Earlier this past spring, I was laying in bed with him,unfortunately fighting a headache, as he was reading one of his favorite chapter books to me. He stopped for a second and examined a crease in the middle of my forehead as he does occasionally. This time, however, instead of making a comment about my face being cracked, me being old, or some other blunt observation that he is so well know for, he just begins to rub it:

Me: Thanks buddy. That’s actually making my headache feel much better

Adam: Mom has a headache because why?

Me: I just have a headache.

Adam: Because why?

Knowing if I don’t give him a reason, we could potentially be having this conversation for a while; I decide to proceed with the old ‘answer-the-question-with-the-actual-terminology- and-reason-and-it-should-be-over’ trick.

Me: Probably because of hormones.

Adam: Mom’s ‘Hores’ are ‘moaning’ because why?

And with that, I quickly jumped out of his bed, turned off his light and ran for the hills. That was enough questions for the night!

-or-

The time that I came home from work one day and found Adam in him room playing on his iPad. I sat down next to him on his bed and proceeded to ask him about his day. He was immediately distracted by something on my shoulder. I look to my left and realized that my bra strap was showing. I cringed and braced myself for the parade of questions that I knew were coming:

Adam: What’s that white thing?

Me: My bra strap.

Adam: Mom’s bra strap does what?

Me: Girls wear them like an undershirt.

Adam: Or to cover the pointy things on Mom’s chest.

Me: Typically never at a loss for words, I feel my face getting redder by the minute, and am now frightened as to where this conversation is heading. I then reluctantly respond: “yes”

Adam: Otherwise what will happen?

Me: ummmmm…..I don’t know, buddy, you tell me.

Adam: Otherwise, if mom doesn’t wear that white thing, her chest is going to fall all over the ground. 

I sat there, really wanting to be in his head for just one minute, realizing that he does have quite the imagination. On the other hand, maybe it’s wishful thinking, because, for the record, if I did not wear my bra, my chest definitely WOULD NOT fall all over the ground!!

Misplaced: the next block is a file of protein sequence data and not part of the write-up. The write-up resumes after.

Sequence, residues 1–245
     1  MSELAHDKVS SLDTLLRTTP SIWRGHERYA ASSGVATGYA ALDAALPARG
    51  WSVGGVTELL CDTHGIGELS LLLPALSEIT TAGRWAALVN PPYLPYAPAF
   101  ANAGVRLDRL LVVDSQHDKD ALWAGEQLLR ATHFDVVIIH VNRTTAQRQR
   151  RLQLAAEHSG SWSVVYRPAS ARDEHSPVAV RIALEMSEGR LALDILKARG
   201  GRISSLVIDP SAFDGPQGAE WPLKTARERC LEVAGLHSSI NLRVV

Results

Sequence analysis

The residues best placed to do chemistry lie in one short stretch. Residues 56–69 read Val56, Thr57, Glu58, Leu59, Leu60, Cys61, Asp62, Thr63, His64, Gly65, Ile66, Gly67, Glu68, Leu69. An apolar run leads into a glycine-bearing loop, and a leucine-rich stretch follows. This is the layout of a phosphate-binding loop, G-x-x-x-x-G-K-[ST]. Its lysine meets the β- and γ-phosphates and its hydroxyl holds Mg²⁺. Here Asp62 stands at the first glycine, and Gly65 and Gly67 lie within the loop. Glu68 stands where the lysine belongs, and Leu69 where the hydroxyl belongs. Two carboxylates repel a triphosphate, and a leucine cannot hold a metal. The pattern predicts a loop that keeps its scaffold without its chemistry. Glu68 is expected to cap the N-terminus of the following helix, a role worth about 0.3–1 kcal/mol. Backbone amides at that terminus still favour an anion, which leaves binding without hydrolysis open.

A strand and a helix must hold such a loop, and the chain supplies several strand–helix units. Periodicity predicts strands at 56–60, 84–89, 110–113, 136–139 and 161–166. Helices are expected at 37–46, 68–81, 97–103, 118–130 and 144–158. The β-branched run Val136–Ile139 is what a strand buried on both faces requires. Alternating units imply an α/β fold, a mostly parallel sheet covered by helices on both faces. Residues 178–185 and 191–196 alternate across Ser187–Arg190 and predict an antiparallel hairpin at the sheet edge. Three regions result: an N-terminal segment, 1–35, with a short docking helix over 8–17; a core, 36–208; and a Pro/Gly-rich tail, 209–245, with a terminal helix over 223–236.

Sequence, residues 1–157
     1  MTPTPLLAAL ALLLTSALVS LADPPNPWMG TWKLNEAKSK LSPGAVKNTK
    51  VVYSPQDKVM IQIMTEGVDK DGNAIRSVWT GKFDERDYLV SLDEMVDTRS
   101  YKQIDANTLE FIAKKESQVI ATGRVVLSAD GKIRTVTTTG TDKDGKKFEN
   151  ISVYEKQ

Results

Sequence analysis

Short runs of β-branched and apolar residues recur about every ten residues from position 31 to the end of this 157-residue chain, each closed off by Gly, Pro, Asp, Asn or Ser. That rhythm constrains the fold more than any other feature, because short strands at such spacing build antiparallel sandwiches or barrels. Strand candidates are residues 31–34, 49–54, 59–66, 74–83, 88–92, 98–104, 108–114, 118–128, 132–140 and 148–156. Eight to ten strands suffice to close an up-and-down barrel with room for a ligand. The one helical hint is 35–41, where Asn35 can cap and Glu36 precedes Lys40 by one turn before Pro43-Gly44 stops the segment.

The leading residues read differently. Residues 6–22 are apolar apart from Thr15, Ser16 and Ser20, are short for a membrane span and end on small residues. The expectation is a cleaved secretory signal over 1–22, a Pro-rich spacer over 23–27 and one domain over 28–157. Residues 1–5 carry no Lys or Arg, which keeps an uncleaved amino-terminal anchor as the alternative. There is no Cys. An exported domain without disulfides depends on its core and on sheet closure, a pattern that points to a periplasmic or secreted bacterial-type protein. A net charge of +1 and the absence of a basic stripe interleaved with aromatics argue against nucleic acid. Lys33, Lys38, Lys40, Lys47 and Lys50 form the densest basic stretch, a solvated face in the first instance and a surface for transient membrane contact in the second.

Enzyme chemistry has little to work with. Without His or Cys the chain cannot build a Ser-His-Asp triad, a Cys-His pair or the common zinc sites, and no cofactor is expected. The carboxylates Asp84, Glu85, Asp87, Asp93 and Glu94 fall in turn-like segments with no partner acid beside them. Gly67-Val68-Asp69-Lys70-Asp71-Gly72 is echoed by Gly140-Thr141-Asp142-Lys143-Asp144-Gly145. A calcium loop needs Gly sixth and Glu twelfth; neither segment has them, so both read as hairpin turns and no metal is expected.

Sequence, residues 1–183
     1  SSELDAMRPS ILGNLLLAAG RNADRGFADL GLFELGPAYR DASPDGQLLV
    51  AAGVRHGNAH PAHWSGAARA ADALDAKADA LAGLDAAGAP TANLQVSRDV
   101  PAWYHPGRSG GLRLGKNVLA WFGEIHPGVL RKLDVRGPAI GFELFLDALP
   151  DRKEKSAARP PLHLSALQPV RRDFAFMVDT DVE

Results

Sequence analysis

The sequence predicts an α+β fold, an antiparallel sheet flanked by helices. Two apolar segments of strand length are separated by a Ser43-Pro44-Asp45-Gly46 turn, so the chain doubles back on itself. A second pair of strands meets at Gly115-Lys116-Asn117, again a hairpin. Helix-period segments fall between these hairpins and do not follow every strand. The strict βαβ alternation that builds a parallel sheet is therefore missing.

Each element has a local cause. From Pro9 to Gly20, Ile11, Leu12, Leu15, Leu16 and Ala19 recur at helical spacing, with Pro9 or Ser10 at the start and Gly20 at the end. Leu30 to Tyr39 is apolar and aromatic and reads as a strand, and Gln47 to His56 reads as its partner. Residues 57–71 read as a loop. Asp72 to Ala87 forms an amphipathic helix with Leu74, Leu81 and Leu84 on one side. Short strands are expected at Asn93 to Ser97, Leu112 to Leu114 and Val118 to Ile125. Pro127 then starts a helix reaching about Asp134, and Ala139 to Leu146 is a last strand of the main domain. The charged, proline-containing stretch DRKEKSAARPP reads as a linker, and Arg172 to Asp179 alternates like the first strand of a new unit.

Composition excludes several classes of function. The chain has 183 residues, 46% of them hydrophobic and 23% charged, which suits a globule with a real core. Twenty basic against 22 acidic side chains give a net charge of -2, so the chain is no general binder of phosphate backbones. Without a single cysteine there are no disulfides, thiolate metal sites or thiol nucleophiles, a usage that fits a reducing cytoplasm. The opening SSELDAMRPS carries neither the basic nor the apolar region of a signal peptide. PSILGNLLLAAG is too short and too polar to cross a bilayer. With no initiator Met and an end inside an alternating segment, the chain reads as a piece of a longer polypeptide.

I still reflect on these conversations and continue to waffle on whether he even remotely understands anything about the birds and the bees. On the other hand, I’m completely convinced that for boys, bras, boobs, hormones, and butts are just innate and he 110% totally gets it!! Regardless, I’m thoroughly convinced that I will have more to worry about with Adam  than Alex, his brother, who turns beet red at the mention of the word “girl”.

So tomorrow is day #6. 170 more days to go. Mrs. H., I can’t tell you how much we appreciate you. For sure, you have your work cut out for you. I apologize in advance.

Meanwhile, I’ll be rubbing my temples, bracing myself for another week of Adam and middle school; anticipating headaches, and at the same time praying that my ‘Hores’ don’t moan too much!!

I love him with all my butt…..and my heart!

So last night, I had this dream….

Adam and I are on big yellow inner tubes floating on the Chicago River going west. I’m using my hand to paddle while frantically trying to grab his hand so that we don’t get separated. Suddenly, big military ships start heading our way and I quickly realize that they do not see us. Somehow, I get us both over to the side and a black iron fence appears out of nowhere. I reach out and grab on to it and start alternating my hands while frantically looking back to see that Adam has a hold of my tube. Out of the corner of my eye, I notice a thick brown sludge start to swirl around us. I desperately try to paddle us out with my hands. We are eventually swallowed up into the sludge and….That’s it… I wake up.

I have been playing this dream over and over in my head all day looking for meaning; and suddenly it occurred to me. I was with Adam traveling up s*it creek without a paddle…..

Who has not felt this way at one time or another with their children? As my husband likes to remind me, after our third child, Adam, was born we transitioned from playing man to man to strictly a zone defense. As soon as one fire was extinguished, another one erupted. It’s life with kids, plain and simple.